9. Early Angiographic Resolution of Cerebral Vasospasm with High Dose Intravenous Milrinone Therapy

    Directory of Open Access Journals (Sweden)

    F. A. Zeiler

    2015-01-01

    Full Text Available Background. Treatment of symptomatic delayed cerebral ischemia (DCI after subarachnoid hemorrhage (SAH is difficult. Recent studies suggest intravenous (IV high dose milrinone as a potential therapy. The timing to angiographic response with this is unclear. Methods. We reviewed the chart of one patient admitted for SAH who developed symptomatic DCI and was treated with high dose IV milrinone. Results. A 66-year-old female was admitted with a Hunt and Hess clinical grade 4, World Federation of Neurological Surgeons (WFNS clinical grade 4, and SAH secondary to a left anterior choroidal artery aneurysm which was clipped. After bleed day 6, the patient developed symptomatic DCI. We planned for angioplasty of the proximal segments. We administered high dose IV milrinone bolus followed by continuous infusion which led to clinical improvement prior to angiography. The angiogram performed 1.5 hours after milrinone administration displayed resolution of the CT angiogram and MRI based cerebral vasospasm such that further intra-arterial therapy was aborted. She completed 6 days of continuous IV milrinone therapy, was transferred to the ward, and subsequently rehabilitated. Conclusions. High dose IV milrinone therapy for symptomatic DCI after SAH can lead to rapid neurological improvement with dramatic early angiographic improvement of cerebral vasospasm.

  10. The early career researcher's toolkit: translating tissue engineering, regenerative medicine and cell therapy products.

    Science.gov (United States)

    Rafiq, Qasim A; Ortega, Ilida; Jenkins, Stuart I; Wilson, Samantha L; Patel, Asha K; Barnes, Amanda L; Adams, Christopher F; Delcassian, Derfogail; Smith, David

    2015-11-01

    Although the importance of translation for the development of tissue engineering, regenerative medicine and cell-based therapies is widely recognized, the process of translation is less well understood. This is particularly the case among some early career researchers who may not appreciate the intricacies of translational research or make decisions early in development which later hinders effective translation. Based on our own research and experiences as early career researchers involved in tissue engineering and regenerative medicine translation, we discuss common pitfalls associated with translational research, providing practical solutions and important considerations which will aid process and product development. Suggestions range from effective project management, consideration of key manufacturing, clinical and regulatory matters and means of exploiting research for successful commercialization.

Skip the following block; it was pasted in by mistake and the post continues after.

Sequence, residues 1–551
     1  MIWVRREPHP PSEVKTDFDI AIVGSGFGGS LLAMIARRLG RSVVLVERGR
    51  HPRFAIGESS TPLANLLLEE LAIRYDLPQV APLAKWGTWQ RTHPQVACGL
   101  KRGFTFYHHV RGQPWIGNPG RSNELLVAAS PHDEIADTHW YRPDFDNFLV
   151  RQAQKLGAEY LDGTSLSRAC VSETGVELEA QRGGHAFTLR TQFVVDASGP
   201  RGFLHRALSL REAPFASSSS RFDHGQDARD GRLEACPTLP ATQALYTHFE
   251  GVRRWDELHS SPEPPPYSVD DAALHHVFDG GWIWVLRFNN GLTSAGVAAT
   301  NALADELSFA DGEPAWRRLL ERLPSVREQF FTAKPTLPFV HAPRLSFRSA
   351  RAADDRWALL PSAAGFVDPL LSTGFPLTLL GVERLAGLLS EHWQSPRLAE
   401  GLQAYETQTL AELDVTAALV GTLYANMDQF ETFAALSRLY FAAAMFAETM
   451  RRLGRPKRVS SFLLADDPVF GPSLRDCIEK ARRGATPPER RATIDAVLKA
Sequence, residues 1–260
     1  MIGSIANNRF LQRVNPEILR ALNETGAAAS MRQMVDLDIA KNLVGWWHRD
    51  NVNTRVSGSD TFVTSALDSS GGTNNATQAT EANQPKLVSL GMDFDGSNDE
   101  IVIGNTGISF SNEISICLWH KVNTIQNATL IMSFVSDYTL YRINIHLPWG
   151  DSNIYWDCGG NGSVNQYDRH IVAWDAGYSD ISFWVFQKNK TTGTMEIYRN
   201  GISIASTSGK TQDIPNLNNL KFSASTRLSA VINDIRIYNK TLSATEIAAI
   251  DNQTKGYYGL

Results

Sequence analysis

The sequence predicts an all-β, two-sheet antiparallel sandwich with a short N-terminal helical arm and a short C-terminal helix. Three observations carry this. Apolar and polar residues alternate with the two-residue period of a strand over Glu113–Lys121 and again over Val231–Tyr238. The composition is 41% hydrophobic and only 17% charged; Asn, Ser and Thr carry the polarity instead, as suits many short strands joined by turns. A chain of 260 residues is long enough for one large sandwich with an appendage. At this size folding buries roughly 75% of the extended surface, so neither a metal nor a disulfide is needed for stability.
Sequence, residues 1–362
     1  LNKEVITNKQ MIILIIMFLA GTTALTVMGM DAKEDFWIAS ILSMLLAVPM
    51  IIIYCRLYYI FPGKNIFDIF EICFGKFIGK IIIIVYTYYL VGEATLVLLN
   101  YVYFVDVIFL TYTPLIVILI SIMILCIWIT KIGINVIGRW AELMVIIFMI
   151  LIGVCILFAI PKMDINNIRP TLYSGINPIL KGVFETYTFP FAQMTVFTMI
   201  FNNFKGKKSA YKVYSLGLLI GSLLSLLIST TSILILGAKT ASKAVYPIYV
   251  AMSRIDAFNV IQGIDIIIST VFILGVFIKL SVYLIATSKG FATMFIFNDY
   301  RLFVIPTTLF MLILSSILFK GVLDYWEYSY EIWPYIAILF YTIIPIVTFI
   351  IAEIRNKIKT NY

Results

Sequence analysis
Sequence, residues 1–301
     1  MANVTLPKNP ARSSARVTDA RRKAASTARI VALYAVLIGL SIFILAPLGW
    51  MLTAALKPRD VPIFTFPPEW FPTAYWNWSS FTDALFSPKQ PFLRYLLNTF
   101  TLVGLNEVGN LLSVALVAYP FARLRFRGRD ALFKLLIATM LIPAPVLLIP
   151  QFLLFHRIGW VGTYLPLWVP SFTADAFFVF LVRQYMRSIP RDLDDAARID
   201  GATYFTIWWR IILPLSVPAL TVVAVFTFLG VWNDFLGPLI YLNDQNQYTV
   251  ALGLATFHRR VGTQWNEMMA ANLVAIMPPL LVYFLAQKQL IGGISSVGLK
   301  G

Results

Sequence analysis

11. Examining Motivational Orientation and Learning Strategies in Computer-Supported Self-Directed Learning (CS-SDL) for Mathematics: The Perspective of Intrinsic and Extrinsic Goals

    Science.gov (United States)

    Lao, Andrew Chan-Chio; Cheng, Hercy N. H.; Huang, Mark C. L.; Ku, Oskar; Chan, Tak-Wai

    2017-01-01

    One-to-one technology, which allows every student to receive equal access to learning tasks through a personal computing device, has shown increasing potential for self-directed learning in elementary schools. With computer-supported self-directed learning (CS-SDL), students may set their own learning goals through the suggestions of the system…

  12. Safety and immunogenicity of therapeutic DNA vaccination in individuals treated with antiretroviral therapy during acute/early HIV-1 infection.

    Directory of Open Access Journals (Sweden)

    Eric S Rosenberg

    2010-05-01

    Full Text Available An effective therapeutic vaccine that could augment immune control of HIV-1 replication may abrogate or delay the need for antiretroviral therapy. AIDS Clinical Trials Group (ACTG A5187 was a phase I/II, randomized, placebo-controlled, double-blinded trial to evaluate the safety and immunogenicity of an HIV-1 DNA vaccine (VRC-HVDNA 009-00-VP in subjects treated with antiretroviral therapy during acute/early HIV-1 infection. (clinicaltrials.gov NCT00125099Twenty healthy HIV-1 infected subjects who were treated with antiretroviral therapy during acute/early HIV-1 infection and had HIV-1 RNA<50 copies/mL were randomized to receive either vaccine or placebo. The objectives of this study were to evaluate the safety and immunogenicity of the vaccine. Following vaccination, subjects interrupted antiretroviral treatment, and set-point HIV-1 viral loads and CD4 T cell counts were determined 17-23 weeks after treatment discontinuation.Twenty subjects received all scheduled vaccinations and discontinued antiretroviral therapy at week 30. No subject met a primary safety endpoint. No evidence of differences in immunogenicity were detected in subjects receiving vaccine versus placebo. There were also no significant differences in set-point HIV-1 viral loads or CD4 T cell counts following treatment discontinuation. Median set-point HIV-1 viral loads after treatment discontinuation in vaccine and placebo recipients were 3.5 and 3.7 log(10 HIV-1 RNA copies/mL, respectively.The HIV-1 DNA vaccine (VRC-HIVDNA 009-00-VP was safe but poorly immunogenic in subjects treated with antiretroviral therapy during acute/early HIV-1 infection. Viral set-points were similar between vaccine and placebo recipients following treatment interruption. However, median viral load set-points in both groups were lower than in historical controls, suggesting a possible role for antiretroviral therapy in persons with acute or early HIV-1 infection and supporting the safety of